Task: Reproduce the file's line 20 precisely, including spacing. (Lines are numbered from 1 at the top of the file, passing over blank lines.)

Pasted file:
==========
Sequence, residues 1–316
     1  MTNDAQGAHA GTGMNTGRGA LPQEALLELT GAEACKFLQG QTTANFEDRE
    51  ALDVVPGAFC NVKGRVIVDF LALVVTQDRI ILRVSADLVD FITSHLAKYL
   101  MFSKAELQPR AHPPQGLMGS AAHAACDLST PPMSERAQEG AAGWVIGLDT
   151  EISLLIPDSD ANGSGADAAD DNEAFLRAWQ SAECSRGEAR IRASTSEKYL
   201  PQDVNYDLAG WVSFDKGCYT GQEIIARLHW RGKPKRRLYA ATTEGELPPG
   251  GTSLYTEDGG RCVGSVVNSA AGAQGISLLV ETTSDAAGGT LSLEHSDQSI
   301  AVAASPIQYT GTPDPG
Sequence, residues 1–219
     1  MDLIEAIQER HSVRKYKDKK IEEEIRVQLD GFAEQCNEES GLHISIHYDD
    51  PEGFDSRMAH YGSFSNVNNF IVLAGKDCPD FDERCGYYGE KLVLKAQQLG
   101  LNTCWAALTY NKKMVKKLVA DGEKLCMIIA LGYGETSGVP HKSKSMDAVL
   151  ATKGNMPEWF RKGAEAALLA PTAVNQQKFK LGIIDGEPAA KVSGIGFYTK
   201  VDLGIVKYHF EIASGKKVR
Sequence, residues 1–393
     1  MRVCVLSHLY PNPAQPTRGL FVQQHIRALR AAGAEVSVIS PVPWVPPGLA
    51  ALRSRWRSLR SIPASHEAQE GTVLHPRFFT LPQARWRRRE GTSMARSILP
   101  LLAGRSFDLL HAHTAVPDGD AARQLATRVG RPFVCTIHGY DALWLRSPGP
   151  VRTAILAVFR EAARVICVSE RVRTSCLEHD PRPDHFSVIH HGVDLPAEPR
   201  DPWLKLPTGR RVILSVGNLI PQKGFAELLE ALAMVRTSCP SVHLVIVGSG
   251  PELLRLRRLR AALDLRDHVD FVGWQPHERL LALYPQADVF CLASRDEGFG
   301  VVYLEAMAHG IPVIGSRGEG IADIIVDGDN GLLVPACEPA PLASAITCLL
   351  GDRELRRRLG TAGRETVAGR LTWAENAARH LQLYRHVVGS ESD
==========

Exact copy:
   201  DPWLKLPTGR RVILSVGNLI PQKGFAELLE ALAMVRTSCP SVHLVIVGSG